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Tuesday April 11, 2006

Malaysians, Thais and Indons to decide fate of 54 orangutans


BANGKOK, Thailand (AP) - The fate of 54 orangutans illegally smuggled into Thailand nearly two years ago will be decided at a meeting of Malaysian, Thai and Indonesian wildlife officials later this month in Bangkok, officials say. 

The move comes amid a campaign by international non-governmental organizations calling for sanctions against Thailand, Malaysia, Cambodia and Saudi Arabia, which they accuse of failing to return more than 100 illegally smuggled orangutans. 

The two-day talks beginning April 21 in the Thai capital Bangkok are expected to produce an agreement that will pave the way for the primates to be returned to either Indonesia or Malaysia, once tests have determined their country of origin, Schwann Tunhikorn, deputy director of Thailand's National Park, Wildlife and Plant Conservation Department, told The Associated Press. 

"We are doing all we can. We don't want to get stuck with these orangutans,'' Schwann said. 

A Thai wildlife protection officer cuts a hair sample from an orangutan for DNA testing to investigate the origin of more than 54 of the primates at a private zoo in Bangkok on Aug. 13, 2004. The fate of the animals, illegally smuggled into Thailand nearly two years ago, will be decided at a meeting later this month of Thai wildlife officials with counterparts from Indonesia and Malaysia - from where the orangutans might have come - officials said Monday. - APpic by Sakchai Lalit
"We want to send them back but we want to do it the right way ... That is why we need to discuss how best to determine which population these 54 orangutans come from.'' 

Thai authorities in 2004 confiscated more than 100 orangutans from the private Safari World zoo near Bangkok, where they were forced to perform in daily boxing matches. 

A court ruled earlier this year that 54 of the orangutans were illegally smuggled into the country.  

The remainder have since been returned to the zoo, after the owners proved they were purchased before Thailand amended its law in 1992 to make smuggling illegal.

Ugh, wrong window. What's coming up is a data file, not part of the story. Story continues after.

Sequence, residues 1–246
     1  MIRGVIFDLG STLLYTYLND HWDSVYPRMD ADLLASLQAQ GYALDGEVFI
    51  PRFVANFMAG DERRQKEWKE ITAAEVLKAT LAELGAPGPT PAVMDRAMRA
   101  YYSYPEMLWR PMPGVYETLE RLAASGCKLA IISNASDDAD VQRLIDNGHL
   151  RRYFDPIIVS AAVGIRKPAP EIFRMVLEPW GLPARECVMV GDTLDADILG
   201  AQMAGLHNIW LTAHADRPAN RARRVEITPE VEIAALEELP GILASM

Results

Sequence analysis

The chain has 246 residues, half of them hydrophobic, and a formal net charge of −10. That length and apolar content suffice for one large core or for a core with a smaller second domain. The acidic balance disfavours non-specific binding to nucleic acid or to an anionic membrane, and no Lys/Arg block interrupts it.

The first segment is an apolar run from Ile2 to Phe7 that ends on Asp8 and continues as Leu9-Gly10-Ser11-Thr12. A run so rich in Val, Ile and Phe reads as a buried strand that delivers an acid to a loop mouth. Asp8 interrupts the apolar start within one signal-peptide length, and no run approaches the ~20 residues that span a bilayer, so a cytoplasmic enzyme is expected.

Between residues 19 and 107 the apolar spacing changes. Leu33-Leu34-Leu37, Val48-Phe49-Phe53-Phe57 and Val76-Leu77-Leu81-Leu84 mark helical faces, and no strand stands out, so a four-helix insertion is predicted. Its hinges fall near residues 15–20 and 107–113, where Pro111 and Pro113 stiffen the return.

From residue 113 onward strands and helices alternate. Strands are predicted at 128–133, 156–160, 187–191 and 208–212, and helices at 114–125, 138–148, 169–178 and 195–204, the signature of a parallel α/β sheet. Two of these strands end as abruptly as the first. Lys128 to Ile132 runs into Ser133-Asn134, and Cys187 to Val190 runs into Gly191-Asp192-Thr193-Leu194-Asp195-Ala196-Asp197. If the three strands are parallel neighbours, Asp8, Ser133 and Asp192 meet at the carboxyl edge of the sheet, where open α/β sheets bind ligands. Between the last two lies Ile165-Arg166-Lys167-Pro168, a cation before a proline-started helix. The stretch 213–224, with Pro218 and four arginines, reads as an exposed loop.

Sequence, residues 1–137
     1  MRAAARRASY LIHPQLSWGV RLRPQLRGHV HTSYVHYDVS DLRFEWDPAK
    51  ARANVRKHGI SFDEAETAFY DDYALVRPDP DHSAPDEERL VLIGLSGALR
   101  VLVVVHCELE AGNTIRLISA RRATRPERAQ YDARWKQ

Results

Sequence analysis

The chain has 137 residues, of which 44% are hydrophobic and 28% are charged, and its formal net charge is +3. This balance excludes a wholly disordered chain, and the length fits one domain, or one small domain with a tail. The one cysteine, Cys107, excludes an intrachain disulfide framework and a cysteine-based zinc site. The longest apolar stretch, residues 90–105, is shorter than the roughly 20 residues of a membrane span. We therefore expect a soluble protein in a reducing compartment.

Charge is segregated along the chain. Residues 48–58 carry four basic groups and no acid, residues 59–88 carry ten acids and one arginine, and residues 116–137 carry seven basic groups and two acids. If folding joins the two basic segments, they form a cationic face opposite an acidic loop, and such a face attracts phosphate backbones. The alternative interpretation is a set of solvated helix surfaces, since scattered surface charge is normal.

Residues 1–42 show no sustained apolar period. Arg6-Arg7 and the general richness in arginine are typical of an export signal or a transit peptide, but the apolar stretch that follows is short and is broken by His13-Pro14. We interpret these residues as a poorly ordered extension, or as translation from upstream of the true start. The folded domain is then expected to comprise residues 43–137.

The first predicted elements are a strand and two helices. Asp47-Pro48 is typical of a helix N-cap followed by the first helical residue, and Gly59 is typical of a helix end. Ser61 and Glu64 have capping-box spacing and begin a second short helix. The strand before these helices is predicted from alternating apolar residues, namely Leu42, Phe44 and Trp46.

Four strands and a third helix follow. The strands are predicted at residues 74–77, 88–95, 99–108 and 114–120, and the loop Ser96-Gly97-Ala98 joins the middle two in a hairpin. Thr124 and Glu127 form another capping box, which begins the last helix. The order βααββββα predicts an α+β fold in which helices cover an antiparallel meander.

CITES, the Convention on International Trade in Endangered Species of Flora and Fauna, lists orangutans as endangered, meaning trade in the animals is tightly restricted. 

Orangutans are native to Indonesia and parts of Borneo island, but not Thailand, where questions have been raised about the origins of those held in private zoos.  

Some are believed to have been smuggled to Thailand, though others have been bred from legally imported animals. 

A Thai police officer counts orangutans during an investigation into the origin of more than 54 of the beasts at a private zoo in Bangkok, Aug. 13, 2004. The fate of the animals, illegally smuggled into Thailand nearly two years ago, will be decided at a meeting later this month of Thai wildlife officials with counterparts from Indonesia and Malaysia - from where the orangutans might have come - officials said Monday. - APpic by Sakchai Lalit
In March, 40 conservation groups called on CITES Secretary-General Willem Wijnstekers to implement sanctions against the four countries "who are blatantly disregarding the spirit, if not the rules, of the Convention on the International Trade of Endangered Species.'' 

The groups singled out Thailand for delaying the return of the 54 orangutans, while accusing Cambodia of refusing to confiscate 22 others that are reportedly being forced to entertain tourists by cycling, boxing and skateboarding in daily shows. 

They also said Malaysia has failed to return an orangutan to Indonesia while one had disappeared after being confiscated in Saudi Arabia. 

"The smuggling of highly endangered orangutans is an appalling activity,'' Sean Whyte, coordinator of the Born To Be Wild Campaign, said in a statement. 

"Any country which condones this trade deserves to have sanctions brought against it by CITES.'' 

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